Should you buy lab-grown diamonds?
The super short answer is NO. But why not?
Because lab-grown diamonds are worthless. And because they are sold way too expensive compared to what they actually cost and what we in the diamond industry can buy them for.
I did a little experiment that no one believed. Could I buy a laboratory-produced diamond of 2 carat drop shape in Color G, and clarity VS1 with a good ratio for under 1000 USD, i.e. under 7000 DKK, and have it sent to Denmark?
Yes, I can. And I’m sitting with it here.
Now I could sell it on for 7.000 Euro or maybe even 8.000 Euro and make a lot of money from it, but I don’t do that, even though that’s what happens everywhere. Because I didn’t think it is worth the money to buy lab-made diamonds. They fall in price all the time, and in a very short time they will be worth absolutely nothing, and will perhaps be sold for 15 euro pr carat. The same as a swarovski crystal. So to me, a lab made diamond is the same as buying a swarowski crystal. At least there you know what it’s worth and don’t pay too much because it’s being launched as a “diamond”.
What is a laboratory made diamond ?
It’s a diamond, it’s just made in a lab. It takes about 2 weeks to grow a diamond of 1 carat, and you can get it in all colors and sizes. You can order lab-made diamonds that must have a certain pink color to set in e.g. A tennis bracelet.
How are they made?
In the laboratory world, there are two primary technologies used to produce them: HPHT (high pressure and high temperature) and CVD.
HRTP was the first diamond growth technology introduced in 1954, but is more expensive and more energy intensive than the recently developed CVD method.
Instead of using intense pressure and heat to replicate how natural diamonds form, the CVD process mimics the way diamonds form in interstellar gas clouds, similar to how snowflakes form. It uses less extreme temperatures and pressures than HRTP and requires more compact and less expensive equipment.
Are there benefits to lab-created diamonds?
Lab-made diamonds do not disturb any ground surfaces. Additionally, lab-grown diamonds do not produce any mineral waste.
Ethically sourced – Lab created diamonds are conflict free. Diamond miners are never harmed or exploited during the production of lab-grown diamonds. Thus, there are never any problems with you buying a “blood diamond”. On the other hand, you can say that there are millions of people who make a living working in the diamond industry in a completely ethically defensible way, and if you only start buying lab-made diamonds, they will loose their jobs.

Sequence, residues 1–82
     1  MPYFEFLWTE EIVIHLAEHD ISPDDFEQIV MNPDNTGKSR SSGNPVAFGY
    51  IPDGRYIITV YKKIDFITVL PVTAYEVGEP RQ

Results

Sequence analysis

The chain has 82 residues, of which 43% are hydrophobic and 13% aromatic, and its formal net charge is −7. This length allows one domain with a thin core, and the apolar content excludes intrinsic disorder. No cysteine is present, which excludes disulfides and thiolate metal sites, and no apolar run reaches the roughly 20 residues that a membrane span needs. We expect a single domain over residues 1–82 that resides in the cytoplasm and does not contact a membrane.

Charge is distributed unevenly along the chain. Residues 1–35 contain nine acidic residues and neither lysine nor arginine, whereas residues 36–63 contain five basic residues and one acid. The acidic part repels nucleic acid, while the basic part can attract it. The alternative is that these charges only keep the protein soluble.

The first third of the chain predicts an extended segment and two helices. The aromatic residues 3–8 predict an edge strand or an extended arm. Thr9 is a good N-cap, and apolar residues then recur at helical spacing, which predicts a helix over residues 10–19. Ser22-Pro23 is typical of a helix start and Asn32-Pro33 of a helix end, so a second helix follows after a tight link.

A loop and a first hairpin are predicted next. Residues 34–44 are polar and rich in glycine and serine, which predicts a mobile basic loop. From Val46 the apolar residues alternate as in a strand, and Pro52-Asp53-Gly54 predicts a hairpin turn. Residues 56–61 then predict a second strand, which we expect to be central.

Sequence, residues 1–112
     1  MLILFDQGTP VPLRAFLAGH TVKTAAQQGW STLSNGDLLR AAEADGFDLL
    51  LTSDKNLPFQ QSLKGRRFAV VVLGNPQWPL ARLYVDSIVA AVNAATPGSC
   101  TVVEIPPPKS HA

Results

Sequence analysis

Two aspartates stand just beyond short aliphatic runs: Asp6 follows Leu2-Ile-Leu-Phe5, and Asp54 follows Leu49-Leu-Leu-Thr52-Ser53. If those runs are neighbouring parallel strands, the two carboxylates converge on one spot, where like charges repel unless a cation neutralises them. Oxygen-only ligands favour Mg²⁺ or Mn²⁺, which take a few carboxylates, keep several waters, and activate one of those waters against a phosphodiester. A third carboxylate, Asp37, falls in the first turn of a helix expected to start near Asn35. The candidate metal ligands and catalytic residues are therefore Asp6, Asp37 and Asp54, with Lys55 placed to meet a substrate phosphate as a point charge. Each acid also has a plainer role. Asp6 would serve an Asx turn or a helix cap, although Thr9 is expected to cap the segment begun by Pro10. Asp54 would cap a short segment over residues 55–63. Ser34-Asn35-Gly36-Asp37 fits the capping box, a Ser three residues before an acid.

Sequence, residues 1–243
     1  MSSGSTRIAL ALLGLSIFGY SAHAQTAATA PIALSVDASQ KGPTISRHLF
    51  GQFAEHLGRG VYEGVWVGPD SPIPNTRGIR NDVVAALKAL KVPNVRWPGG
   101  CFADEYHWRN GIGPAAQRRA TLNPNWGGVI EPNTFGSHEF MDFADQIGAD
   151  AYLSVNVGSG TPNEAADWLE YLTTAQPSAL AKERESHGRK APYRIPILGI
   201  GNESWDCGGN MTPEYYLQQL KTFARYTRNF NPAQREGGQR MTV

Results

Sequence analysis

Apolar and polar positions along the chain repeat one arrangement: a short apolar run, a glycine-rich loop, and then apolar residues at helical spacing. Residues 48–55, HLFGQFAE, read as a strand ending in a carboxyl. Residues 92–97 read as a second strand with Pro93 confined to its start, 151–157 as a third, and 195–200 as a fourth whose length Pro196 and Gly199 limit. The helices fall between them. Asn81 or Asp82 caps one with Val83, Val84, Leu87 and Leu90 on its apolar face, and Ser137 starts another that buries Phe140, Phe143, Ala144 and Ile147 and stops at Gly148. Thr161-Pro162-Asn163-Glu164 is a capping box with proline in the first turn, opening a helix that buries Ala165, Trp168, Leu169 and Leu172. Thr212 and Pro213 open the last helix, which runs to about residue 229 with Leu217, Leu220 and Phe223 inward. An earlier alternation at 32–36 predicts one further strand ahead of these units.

Competitive Prices – Lab-grown diamonds typically cost 80% less than mined diamonds due to a shorter supply chain.
Disadvantages of lab-created diamonds
While lab-made diamonds are technically diamonds, they have disadvantages compared to natural diamonds.
Rarity – Because lab-created diamonds are manufactured, they can be mass-produced. Thus, your diamond will not be a “one-of-a-kind”, as is the case with the diamonds mined from the earth.
Value – Man-made diamonds are relatively new to the jewelry industry. But since every diamond producer in India with a reasonably large company, has a production of laboratory made diamonds, and they produce more and more, the value will drop dramatically.
While naturally mined diamonds typically increase in value over time, the lab-created diamond you buy today may be worthless in a few years.
The uncertainty of the value of lab-grown diamonds makes their resale value highly questionable. There is actually no resale. So your lab made diamond is worth nothing. Whereas the value of naturally mined diamonds remains fairly consistent or increases and is therefore a more stable investment.
What do consumers think about lab-grown diamonds?
In a report compiled by Baine illustrating the responses of about 1,500 consumers to the question “What do you think of when you think of lab-grown diamonds?” most answered “artificial” and “fake”.
But the report also says that “the lab-grown segment is developing rapidly due to technological advances and increasing acceptance across the value chain.” The value chain Bain refers to is largely in the fashion jewelry segment, where lab-grown is more “accessible to a wider range of price-sensitive consumers.”
The whole point is that natural diamonds are unique and rare. Diamonds are becoming rarer every day because no new significant deposits have been discovered for about 30 years, where lab-grown diamonds can be produced in potentially unlimited quantities equivalent to any manufactured product, so they are not unique and cannot be considered rare.
“Natural diamonds derive their value from their scarcity as a natural, billion-year-old gemstone and have been shown over the decades to increase in value as they become rarer.”
As De Beers says: “Lab grown diamonds are for the “masses”, where natural diamonds are for the “classes”